• Anchor in something that feels good or safe (i.e. bring attention to the pet you love or a really lovely plant, or even the softness of a blanket)

  • Spend time with that anchor

  • When you feel calmer you might bring attention to the area of your body that feels constricted.

  • Stay on the edges of that feeling & notice how it changes

  • If you become overwhelmed return to your anchor


Often the patterns we judge as negative around voice & communication (people pleasing, hyper sensitivity/responsibility, over-arching suit, extensive worry, irritability, tightness in throat, painful expression) are related to our physiology. Top down approaches like CBT, learning communication skills, singing scales are incredible tools (which I use regularly). However, sometimes these approached miss the physiological responses in our system that require a greater level of care & sensitivity. When we can meet those areas either by slowing down in our own practice, through the regulatory support of a skilled coach or somatic practitioner, or in trauma informed psychotherapies the physiological mechanisms that limit our expression can begin to dissolve & reveal a deeper, more authentic, & resonant expression of voice & communication.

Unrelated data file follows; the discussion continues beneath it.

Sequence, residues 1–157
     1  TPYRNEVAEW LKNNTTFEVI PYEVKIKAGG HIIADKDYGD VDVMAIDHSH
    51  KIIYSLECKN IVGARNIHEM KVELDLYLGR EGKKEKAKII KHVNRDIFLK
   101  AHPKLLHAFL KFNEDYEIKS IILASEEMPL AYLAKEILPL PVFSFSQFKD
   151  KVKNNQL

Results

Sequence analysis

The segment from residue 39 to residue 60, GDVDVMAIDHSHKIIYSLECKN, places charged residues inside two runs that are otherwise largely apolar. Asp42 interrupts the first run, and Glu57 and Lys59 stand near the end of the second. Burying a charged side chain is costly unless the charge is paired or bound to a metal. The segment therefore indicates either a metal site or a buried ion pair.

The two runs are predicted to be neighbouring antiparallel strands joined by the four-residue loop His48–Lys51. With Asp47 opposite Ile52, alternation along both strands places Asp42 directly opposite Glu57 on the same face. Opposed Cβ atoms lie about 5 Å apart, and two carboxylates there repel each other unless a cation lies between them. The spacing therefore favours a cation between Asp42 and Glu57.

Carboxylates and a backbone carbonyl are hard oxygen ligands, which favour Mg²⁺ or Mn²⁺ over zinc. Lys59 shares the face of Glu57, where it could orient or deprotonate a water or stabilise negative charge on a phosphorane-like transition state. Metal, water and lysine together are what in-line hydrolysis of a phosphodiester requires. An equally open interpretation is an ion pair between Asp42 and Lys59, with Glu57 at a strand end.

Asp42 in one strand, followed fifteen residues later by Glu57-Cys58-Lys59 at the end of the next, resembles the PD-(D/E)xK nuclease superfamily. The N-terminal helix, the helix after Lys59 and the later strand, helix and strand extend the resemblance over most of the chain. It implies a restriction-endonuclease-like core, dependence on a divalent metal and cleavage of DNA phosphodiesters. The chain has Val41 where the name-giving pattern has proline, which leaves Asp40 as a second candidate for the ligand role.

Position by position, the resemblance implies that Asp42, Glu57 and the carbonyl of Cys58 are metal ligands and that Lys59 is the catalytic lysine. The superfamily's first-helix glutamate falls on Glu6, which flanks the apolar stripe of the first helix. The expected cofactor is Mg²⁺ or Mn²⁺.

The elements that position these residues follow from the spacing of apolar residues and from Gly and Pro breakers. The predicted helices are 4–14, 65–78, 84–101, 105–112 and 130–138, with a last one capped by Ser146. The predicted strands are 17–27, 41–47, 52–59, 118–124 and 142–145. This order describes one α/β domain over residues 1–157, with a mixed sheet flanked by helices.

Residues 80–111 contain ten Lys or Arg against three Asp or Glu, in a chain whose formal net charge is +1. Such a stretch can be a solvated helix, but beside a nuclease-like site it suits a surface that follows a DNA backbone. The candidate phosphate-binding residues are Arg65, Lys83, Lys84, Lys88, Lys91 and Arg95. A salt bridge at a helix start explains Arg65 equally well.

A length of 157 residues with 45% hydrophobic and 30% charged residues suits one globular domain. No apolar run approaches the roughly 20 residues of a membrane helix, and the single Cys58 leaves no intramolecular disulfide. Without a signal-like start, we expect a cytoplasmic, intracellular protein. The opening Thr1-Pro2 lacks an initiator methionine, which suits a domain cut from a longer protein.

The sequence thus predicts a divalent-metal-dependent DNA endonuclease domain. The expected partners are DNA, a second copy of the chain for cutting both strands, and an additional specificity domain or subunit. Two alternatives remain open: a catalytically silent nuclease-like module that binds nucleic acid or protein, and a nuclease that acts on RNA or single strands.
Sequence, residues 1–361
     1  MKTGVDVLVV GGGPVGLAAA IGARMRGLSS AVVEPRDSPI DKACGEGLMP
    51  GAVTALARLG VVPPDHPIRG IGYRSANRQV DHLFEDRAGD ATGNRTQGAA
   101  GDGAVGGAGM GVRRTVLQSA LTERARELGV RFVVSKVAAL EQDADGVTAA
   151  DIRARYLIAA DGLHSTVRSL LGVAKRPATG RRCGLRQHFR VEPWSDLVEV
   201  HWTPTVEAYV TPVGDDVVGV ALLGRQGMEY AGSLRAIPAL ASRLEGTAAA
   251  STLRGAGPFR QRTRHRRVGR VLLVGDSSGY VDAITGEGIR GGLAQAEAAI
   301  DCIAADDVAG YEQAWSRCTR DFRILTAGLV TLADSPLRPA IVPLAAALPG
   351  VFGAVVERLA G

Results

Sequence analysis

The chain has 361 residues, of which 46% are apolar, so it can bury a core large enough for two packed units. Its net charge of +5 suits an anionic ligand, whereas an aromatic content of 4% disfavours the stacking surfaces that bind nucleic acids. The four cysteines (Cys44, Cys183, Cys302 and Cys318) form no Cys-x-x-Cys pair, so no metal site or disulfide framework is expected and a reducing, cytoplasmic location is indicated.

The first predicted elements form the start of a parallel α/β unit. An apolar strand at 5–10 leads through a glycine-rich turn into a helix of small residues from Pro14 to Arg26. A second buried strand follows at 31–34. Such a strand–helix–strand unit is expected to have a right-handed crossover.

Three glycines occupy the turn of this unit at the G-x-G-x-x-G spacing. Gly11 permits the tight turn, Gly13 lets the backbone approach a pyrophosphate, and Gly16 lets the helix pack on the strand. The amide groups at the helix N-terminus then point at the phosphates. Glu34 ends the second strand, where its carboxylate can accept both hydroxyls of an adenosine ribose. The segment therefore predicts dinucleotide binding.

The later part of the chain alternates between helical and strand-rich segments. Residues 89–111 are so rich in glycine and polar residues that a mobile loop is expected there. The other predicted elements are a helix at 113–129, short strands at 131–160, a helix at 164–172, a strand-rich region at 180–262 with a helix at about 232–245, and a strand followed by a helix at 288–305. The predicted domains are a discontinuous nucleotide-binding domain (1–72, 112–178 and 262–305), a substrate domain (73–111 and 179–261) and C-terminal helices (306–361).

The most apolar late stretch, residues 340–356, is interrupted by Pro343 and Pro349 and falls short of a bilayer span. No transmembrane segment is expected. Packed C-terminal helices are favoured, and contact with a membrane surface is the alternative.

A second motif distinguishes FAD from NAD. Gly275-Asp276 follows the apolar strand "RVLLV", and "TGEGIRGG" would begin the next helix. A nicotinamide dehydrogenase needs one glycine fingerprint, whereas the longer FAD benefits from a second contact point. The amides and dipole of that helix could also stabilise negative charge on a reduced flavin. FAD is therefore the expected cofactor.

* Name has been changed

* This blog does not replace professional advice from a psychologist, psychiatrist or medical professional.


About the Author

Amy Thiessen is an international teacher, coach, & musician who focuses on helping individuals connect to their confidence, purpose, & self esteem through voice & communication. As a student of Somatic Experiencing, lifelong vocalist, & yoga facilitator for almost 20 years Amy uses a holistic approach to help individuals uncover & overcome their unique blocks around voice & communication, connect to their self esteem & purpose, & ultimately express themselves in a way that is empowered & impactful.